as Consumers for Cable Choice, FreedomWorks, the Progress and
Freedom Foundation, the American Legislative Exchange Council, New
Millennium Research Council, Frontiers of Freedom, Keep It Local NJ,
Internet Innovation Alliance and "accept subsidies or
grants from corporate interests to lobby or produce research when
they normally might not, but too often fail to disclose the
connection between their policy positions and their bank accounts.
... These sorts of campaigns are dangerous for our democracy. They
deliberately mislead citizens, and they deliberately mislead our
lawmakers, who are already charged with the difficult task of making
sense of complex telecommunications policies."
SOURCE: Common Cause
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Political campaigns in the United States are using the internet as
never before, reports Adam Nagourney. Unfortunately, some of the new
technologies are being deployed in service of the same old dirty
politics as ever, including attack ads and stealth campaigns: "Those
include Podcasts featuring a daily downloaded message from a
candidate and so-called viral attack videos, designed to trigger
peer-to-peer distribution by e-mail chains, without being associated
with any candidate or campaign." Nagourney notes that campaigns are
also "studying popular Internet social networks, like Friendster and
Facebook, as ways to reaching groups of potential supporters with
similar political views or cultural interests."
SOURCE: New York Times, April 2, 2006
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4. PR OVERBILLING CASE HEADS TO COURT,1,3995766.story?coll=la-headlines-pe-california
The trial of Douglas R. Dowie and John Stodder, two former
executives with the PR firm Fleishman-Hillard (F-H) executives,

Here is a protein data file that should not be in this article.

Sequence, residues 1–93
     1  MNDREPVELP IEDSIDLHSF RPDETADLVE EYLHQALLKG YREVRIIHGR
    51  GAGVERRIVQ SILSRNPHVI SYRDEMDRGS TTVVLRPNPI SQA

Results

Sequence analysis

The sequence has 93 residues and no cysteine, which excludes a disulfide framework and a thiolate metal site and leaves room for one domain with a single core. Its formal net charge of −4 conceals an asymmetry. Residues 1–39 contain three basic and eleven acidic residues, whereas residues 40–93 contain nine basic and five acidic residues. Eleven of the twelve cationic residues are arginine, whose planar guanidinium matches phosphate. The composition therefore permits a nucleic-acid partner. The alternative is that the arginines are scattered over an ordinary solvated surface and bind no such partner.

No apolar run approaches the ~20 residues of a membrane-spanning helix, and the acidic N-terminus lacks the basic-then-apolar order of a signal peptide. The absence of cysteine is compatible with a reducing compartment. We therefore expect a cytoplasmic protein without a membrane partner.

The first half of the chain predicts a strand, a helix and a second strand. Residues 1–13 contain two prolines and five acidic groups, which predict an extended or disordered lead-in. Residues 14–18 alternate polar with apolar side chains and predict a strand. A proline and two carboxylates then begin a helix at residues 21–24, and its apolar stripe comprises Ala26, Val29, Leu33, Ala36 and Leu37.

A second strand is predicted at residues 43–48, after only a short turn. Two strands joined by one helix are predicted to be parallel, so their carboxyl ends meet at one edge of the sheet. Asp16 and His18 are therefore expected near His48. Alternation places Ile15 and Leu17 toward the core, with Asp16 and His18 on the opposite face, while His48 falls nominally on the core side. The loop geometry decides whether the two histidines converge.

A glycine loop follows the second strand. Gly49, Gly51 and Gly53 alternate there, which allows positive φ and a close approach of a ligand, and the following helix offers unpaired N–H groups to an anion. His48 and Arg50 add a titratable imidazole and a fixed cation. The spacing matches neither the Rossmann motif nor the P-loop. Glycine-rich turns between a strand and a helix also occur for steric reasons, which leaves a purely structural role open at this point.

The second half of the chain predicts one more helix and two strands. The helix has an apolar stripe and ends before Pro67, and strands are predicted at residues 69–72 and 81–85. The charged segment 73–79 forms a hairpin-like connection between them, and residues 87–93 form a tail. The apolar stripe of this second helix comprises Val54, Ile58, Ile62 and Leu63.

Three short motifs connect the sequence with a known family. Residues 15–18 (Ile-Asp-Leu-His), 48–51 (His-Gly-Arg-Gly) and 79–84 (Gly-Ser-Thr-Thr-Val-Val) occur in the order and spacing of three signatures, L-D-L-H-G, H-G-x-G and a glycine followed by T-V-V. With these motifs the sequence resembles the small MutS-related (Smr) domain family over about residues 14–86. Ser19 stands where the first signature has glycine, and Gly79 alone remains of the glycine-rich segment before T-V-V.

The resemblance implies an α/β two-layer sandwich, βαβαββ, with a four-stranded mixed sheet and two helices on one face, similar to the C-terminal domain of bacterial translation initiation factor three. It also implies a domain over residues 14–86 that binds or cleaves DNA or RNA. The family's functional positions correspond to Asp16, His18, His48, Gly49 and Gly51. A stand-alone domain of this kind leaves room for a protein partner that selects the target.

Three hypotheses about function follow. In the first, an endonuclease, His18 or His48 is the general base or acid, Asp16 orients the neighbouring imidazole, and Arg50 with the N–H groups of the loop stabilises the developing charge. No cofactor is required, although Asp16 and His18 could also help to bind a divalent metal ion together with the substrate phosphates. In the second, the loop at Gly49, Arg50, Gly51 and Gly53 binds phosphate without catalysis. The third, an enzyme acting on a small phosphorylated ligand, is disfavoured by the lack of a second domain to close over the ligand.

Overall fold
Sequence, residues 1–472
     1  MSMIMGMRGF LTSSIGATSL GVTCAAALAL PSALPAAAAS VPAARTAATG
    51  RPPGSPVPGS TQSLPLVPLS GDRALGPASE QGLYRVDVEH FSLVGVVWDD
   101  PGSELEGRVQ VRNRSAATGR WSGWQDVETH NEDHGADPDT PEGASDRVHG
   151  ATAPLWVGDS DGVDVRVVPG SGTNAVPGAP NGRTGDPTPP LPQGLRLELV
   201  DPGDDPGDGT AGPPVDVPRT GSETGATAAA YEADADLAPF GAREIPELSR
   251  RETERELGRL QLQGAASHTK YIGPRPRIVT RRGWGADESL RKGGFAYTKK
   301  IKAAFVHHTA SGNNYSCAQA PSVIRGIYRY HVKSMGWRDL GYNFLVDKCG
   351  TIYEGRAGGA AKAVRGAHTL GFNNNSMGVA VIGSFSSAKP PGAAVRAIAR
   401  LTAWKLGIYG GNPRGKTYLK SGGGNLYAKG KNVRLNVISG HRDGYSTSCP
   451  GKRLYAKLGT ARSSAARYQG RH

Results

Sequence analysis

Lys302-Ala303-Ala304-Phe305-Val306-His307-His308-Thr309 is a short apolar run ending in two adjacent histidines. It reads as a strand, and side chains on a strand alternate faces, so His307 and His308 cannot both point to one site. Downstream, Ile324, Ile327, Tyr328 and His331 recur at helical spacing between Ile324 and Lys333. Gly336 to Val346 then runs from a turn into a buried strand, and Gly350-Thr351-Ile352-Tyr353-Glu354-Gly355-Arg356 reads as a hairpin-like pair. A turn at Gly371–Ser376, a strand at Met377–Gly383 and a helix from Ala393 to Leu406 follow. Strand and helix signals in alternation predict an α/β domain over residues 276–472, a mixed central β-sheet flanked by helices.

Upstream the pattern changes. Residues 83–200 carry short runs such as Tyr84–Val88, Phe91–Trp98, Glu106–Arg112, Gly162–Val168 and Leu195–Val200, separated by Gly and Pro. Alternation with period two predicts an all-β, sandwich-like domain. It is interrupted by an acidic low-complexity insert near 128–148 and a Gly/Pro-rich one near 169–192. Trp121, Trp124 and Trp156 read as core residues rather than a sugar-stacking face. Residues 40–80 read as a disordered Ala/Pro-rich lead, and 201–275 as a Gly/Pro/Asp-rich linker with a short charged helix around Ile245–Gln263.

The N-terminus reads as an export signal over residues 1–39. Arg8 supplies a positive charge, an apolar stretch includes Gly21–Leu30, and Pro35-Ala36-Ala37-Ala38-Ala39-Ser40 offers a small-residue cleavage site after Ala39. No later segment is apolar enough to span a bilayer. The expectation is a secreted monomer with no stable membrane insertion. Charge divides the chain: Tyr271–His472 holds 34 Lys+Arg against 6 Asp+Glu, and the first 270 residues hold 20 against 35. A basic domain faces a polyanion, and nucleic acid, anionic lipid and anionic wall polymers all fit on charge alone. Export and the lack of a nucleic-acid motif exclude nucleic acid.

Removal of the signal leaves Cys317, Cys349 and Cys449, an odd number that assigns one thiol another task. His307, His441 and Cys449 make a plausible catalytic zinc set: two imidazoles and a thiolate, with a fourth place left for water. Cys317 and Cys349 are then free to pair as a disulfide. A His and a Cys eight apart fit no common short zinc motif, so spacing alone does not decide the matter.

commences this week over allegations that they overbilled the Los
Angeles Department of Water and Power by approximately $325,000.
Dowie and Stodder have pleaded not guilty. Dowie is also suing F-H
alleging that he was sacked, the Los Angeles Times reports, in a bid
to conceal a "larger scandal involving the laundering of illegal
campaign contributions to Los Angeles politicians." F-H rejects the
SOURCE: Los Angeles Times, April 3, 2006.
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Ron Campbell, a lobbyist from SPS Consultants, successfully ran
Mexican avocado growers campaign in 2004 to expand access to the
U.S. market. To overcome opposition from Californian avocado growers
Campbell gave Citizens Against Government Waste (CAGW) $100,000 to
generate a 'grassroots' lobbying campaign to support his clients.
"California has 6,000 growers. We went to CAGW and said, "We need at
least 6,000 or 7,000 comments to counter that," Campbell told the
St. Petersburg Times. It is just one of a number of campaigns that
CAGW has run to benefit its donors. Bill Adair reports that CAGW
took at least $245,000 from tobacco companies "while urging the
federal government not to regulate tobacco and to drop a lawsuit
against the industry". CAGW was also funded by Diageo North America,